Does the Trans-Pacific Partnership pass the test of Catholic Social Teaching?
Now it can be told. At long last, the text of the Trans-Pacific Partnership (TPP) has been revealed to the legislators who must vote on it and the citizens who must live under it, if ratified. As with trade agreements that preceded it, such as the North American Free Trade Agreement (NAFTA), the negotiations proceeded behind closed doors with a “fast track” process that kept participation by the public and its elected representatives to a minimum. The process has protected the interests of multinational corporations quite well; the interests of workers, not so much. America magazine rightly criticized this process as inconsistent with the vision of Pope Francis in "Laudato Si,'" a vision that prioritizes the marginalized, the poor and the health of the planet, not the property and profits of global conglomerates. And it certainly does not meet the Holy Father’s call for “transparent political processes involving a free exchange of views.”
Proponents of free trade make an important point when they observe that reduced trade barriers have played an important role in lifting hundreds of millions in the third world out of poverty. It’s hard to imagine the development that has transformed Asia and Latin America without the contribution of export-oriented manufacture. But the “benefits” to American workers are far more dubious—real wages for American workers have stagnated as their products have been placed in competition with their poorer brethren. And global free trade has been a disaster for the environment. Producing consumer goods for shipment to the North America, Europe and Japan may offer employment to workers in China, India and Mexico, but under the current order they are accompanied by industrial toxins and greenhouse gases that will fall heavily on the next generation.
As we review the text of the agreement in the coming weeks, we must follow Francis’ lead and ask ourselves what impact the TPP is likely to have on the least of these—especially workers at home and abroad—and our common home. Skeptics like myself must keep in mind that workers in the global South have pressing needs and not adopt protectionist defenses that protect our union brothers and sisters here at the expense of our brothers and sisters overseas. It’s heartening, then, to see that labor union critics of the TPP are less focused on competition from foreign products than on ensuring that workers in Mexico, Malaysia, Vietnam and Brunei win the right to organize in trade unions without retaliation from employers and governments.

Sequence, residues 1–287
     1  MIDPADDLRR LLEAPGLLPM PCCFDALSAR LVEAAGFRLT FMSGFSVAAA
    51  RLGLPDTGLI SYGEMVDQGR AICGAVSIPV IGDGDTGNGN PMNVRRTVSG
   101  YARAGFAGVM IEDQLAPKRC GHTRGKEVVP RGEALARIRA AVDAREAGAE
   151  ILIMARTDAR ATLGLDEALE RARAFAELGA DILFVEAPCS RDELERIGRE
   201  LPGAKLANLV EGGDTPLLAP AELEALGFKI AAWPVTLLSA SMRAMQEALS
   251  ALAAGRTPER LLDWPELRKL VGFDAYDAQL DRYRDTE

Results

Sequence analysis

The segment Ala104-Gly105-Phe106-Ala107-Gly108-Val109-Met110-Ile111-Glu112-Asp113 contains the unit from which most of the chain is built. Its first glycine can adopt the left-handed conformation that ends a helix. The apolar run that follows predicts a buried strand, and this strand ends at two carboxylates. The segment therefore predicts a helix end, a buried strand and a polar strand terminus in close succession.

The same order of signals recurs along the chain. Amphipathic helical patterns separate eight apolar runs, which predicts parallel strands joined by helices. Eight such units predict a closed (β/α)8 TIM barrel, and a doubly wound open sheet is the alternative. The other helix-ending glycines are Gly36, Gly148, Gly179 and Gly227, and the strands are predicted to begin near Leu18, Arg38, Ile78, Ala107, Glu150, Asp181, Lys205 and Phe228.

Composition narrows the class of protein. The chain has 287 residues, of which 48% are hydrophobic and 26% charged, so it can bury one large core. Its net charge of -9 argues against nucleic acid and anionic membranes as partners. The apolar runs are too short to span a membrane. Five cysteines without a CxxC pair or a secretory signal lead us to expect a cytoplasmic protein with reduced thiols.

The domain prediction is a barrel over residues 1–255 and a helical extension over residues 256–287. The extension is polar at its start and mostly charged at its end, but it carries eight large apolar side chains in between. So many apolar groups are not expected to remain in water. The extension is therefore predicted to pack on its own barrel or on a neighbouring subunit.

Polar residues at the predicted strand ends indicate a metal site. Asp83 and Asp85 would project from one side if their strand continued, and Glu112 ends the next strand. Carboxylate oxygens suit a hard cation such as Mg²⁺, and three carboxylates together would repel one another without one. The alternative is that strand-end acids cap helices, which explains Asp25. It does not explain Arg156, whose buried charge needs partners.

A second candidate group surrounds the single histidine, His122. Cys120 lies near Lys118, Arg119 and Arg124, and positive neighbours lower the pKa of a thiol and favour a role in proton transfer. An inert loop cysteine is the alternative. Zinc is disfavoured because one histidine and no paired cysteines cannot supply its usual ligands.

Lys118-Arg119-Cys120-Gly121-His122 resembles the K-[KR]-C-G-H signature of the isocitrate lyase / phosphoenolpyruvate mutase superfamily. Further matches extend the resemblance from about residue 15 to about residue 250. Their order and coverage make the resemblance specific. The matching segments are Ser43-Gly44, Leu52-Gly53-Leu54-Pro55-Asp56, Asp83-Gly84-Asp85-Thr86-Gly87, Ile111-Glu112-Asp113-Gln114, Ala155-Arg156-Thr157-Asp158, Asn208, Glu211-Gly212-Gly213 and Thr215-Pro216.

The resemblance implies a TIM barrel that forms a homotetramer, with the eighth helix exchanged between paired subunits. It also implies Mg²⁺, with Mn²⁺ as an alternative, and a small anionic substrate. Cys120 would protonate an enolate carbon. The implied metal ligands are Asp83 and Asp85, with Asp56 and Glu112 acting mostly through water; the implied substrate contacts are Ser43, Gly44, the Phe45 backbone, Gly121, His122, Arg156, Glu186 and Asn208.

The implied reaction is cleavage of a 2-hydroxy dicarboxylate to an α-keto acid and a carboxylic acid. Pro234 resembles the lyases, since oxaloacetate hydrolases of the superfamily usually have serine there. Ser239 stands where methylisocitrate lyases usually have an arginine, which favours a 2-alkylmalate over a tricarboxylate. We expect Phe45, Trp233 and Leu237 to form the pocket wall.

After all, the integral vision of trade, development and economics advanced by Francis is not novel, but a thread that runs through Catholic Social Teaching through the whole modern era. Allow me to grant our pope emeritus the last word, from "Caritas in Veritate":
The global market has stimulated first and foremost, on the part of rich countries, a search for areas in which to outsource production at low cost with a view to reducing the prices of many goods, increasing purchasing power and thus accelerating the rate of development in terms of greater availability of consumer goods for the domestic market. Consequently, the market has prompted new forms of competition between States as they seek to attract foreign businesses to set up production centres, by means of a variety of instruments, including favourable fiscal regimes and deregulation of the labour market… I would like to remind everyone, especially governments engaged in boosting the world's economic and social assets, that the primary capital to be safeguarded and valued is man, the human person in his or her integrity…Hence traditional networks of solidarity have more and more obstacles to overcome. The repeated calls issued within the Church's social doctrine, beginning with Rerum Novarum (60), for the promotion of workers' associations that can defend their rights must therefore be honoured today even more than in the past, as a prompt and far-sighted response to the urgent need for new forms of cooperation at the international level, as well as the local level.